Signals from intraventricular depth electrodes can control a brain-computer interface

Jerry J. Shih, Dean J. Krusienski

Research output: Contribution to journalArticle

7 Citations (Scopus)

Abstract

A brain-computer interface (BCI) is a device that enables severely disabled people to communicate and interact with their environments using their brain waves. Most research investigating BCI in humans have used scalp-recorded electroencephalography (EEG). We have recently demonstrated that signals from intracranial electrocorticography (ECoG) and stereotactic depth electrodes (SDE) in the hippocampus can be used to control a BCI P300 Speller paradigm. We report a case in which stereotactic depth electrodes positioned in the ventricle were able to obtain viable signals for a BCI. Our results demonstrate that event-related potentials from intraventricular electrodes can be used to reliably control the P300 Speller BCI paradigm.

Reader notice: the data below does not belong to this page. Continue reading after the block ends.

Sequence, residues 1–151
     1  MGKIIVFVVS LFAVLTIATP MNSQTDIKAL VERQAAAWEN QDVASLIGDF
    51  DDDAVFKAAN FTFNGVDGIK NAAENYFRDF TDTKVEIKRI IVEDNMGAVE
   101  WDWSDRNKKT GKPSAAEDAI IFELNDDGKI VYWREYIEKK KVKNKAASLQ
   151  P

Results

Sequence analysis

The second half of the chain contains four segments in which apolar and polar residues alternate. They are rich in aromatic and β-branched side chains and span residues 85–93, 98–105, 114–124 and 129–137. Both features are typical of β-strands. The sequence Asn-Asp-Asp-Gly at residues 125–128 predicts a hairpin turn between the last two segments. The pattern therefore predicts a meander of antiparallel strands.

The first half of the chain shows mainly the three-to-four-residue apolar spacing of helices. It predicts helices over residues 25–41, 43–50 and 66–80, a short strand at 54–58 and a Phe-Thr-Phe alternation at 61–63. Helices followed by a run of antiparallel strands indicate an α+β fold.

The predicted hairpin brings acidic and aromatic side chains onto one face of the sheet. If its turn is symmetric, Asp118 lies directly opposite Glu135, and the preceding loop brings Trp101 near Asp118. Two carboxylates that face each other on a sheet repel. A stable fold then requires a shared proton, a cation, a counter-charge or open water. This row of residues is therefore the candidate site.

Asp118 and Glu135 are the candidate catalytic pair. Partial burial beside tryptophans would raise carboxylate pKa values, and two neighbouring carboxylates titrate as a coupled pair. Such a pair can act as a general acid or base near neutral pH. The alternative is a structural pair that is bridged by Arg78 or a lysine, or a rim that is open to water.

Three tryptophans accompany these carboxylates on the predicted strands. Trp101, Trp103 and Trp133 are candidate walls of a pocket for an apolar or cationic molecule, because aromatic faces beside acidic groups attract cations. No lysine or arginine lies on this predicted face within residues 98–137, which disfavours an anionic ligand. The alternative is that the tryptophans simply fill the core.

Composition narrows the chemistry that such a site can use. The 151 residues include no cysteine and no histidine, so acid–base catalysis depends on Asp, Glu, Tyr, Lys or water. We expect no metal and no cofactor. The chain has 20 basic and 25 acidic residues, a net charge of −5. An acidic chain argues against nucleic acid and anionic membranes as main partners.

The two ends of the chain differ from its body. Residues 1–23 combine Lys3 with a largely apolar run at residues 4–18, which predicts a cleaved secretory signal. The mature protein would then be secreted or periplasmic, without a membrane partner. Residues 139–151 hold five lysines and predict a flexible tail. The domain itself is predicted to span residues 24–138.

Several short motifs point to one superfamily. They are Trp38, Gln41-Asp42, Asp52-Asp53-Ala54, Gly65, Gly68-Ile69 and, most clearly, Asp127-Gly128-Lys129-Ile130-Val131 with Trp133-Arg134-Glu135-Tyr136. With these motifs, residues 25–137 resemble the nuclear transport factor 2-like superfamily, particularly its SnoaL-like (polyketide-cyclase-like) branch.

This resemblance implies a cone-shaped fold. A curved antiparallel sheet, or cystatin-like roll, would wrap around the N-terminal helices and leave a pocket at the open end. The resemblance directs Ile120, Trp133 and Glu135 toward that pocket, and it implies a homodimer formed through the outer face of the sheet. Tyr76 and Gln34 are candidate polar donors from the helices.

Original languageEnglish (US)
Pages (from-to)311-314
Number of pages4
JournalJournal of Neuroscience Methods
Volume203
Issue number2
DOIs
StatePublished - Jan 30 2012

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Brain-Computer Interfaces
Electrodes
Brain Waves
Scalp
Evoked Potentials
Electroencephalography
Hippocampus
Equipment and Supplies
Research

Keywords

  • Brain ventricle
  • Brain-computer interface
  • Hippocampus
  • Intracranial electrodes
  • P300 Speller

ASJC Scopus subject areas

  • Neuroscience(all)

Cite this

Signals from intraventricular depth electrodes can control a brain-computer interface. / Shih, Jerry J.; Krusienski, Dean J.

In: Journal of Neuroscience Methods, Vol. 203, No. 2, 30.01.2012, p. 311-314.

Research output: Contribution to journalArticle

Shih, Jerry J. ; Krusienski, Dean J. / Signals from intraventricular depth electrodes can control a brain-computer interface. In: Journal of Neuroscience Methods. 2012 ; Vol. 203, No. 2. pp. 311-314.
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